The NVA processes the traffic and returns it to the cloud network fabric. Since there are no policy routes applied to the NVA, the route to on-premises in the VPC route table is followed.
On-premises routes are learned dynamically. One simple measure to avoid having to update the policy-based routing policy for the return traffic is to use a 0/0 destination in the policy-based routing policy. Keep in mind that this would send all traffic sourced from the instances where this policy-based route is applied to the internal TCP/UDP load balancer. Policy-based routing takes precedence over all routes in the VPC route table, including subnet routes. This is useful if the desire is to have all flows, including VM-to-VM flows, be steered through the NVAs. A policy-based route matching on 0/0 destinations and applied to all VMs in subnet A and subnet C would guarantee that all VM-to-VM communication (inter and intra subnet) is steered through the NVAs. If VM-to-VM communication (East-West) through the NVAs is not desirable, the policy-based routing policy should match the on-premises prefixes or a covering prefix that summarizes the on-premises space.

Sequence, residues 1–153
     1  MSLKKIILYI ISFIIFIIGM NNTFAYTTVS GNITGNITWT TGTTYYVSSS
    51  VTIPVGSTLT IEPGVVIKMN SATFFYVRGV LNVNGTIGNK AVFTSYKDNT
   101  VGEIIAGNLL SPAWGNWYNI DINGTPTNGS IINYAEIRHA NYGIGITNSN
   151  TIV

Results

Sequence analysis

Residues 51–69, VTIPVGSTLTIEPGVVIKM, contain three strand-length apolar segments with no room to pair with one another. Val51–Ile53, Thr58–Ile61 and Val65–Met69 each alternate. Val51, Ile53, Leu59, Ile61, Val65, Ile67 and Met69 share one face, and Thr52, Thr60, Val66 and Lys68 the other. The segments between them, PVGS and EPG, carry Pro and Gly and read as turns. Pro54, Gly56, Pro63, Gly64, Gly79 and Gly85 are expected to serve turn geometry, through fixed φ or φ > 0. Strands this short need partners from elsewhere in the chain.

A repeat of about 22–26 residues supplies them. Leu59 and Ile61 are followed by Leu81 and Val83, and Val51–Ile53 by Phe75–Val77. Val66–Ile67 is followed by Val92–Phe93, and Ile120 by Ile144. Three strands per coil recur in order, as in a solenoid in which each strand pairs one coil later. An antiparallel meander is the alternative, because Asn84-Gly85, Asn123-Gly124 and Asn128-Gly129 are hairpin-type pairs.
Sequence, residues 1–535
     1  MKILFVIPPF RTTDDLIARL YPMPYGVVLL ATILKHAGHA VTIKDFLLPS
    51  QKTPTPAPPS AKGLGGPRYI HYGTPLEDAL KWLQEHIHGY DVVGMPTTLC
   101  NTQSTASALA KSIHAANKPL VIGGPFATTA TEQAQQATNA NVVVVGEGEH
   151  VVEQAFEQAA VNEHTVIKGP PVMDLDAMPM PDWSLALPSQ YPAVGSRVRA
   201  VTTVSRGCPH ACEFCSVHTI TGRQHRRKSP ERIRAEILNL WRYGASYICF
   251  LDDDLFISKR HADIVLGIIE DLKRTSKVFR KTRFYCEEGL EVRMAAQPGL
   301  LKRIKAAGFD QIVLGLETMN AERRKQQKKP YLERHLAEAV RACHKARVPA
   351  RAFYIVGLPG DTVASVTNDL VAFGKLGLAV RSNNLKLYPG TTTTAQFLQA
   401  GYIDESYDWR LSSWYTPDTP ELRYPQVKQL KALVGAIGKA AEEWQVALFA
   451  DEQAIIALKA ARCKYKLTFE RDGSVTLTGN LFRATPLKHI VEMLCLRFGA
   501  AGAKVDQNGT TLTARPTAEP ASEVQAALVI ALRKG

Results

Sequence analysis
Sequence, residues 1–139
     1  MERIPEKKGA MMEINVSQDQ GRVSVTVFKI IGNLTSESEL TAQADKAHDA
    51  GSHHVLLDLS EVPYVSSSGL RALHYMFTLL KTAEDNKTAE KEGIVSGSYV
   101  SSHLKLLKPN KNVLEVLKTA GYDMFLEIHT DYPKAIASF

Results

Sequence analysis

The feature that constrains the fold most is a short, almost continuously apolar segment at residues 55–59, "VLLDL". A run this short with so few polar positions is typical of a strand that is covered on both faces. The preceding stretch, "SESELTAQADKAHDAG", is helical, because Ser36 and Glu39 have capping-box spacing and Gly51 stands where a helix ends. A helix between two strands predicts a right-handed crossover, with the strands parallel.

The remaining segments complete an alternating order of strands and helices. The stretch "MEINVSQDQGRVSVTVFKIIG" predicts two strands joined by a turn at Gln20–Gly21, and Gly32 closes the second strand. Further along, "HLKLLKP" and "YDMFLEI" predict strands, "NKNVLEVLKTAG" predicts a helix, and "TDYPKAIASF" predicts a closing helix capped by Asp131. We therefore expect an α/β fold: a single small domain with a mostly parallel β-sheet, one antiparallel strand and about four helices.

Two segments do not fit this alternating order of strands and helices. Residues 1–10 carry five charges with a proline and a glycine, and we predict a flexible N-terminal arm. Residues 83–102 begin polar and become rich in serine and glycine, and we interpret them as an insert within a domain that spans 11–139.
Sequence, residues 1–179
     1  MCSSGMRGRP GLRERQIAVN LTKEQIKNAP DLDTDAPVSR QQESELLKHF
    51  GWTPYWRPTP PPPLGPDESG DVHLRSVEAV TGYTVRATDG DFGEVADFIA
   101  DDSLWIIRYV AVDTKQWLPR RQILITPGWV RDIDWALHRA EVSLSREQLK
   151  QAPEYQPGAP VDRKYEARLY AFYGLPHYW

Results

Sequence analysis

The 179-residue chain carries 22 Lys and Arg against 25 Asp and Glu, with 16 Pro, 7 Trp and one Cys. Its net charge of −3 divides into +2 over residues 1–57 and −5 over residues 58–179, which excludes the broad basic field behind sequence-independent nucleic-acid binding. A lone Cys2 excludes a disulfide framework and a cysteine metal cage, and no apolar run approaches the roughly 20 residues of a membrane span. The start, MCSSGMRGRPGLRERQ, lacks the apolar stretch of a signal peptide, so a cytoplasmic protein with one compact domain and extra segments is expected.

The same behavior can be used in different topologies. We can easily expand our example to a multi-VPC topology in which the workloads are in spoke VPCs connected to the transit VPC via VPC Network Peering. For ingress traffic the behavior does not change, for the return path we recommend the use of static routes, rather than policy-based routes for the route override that must be applied to the relevant instances. Figure 6 illustrates this scenario.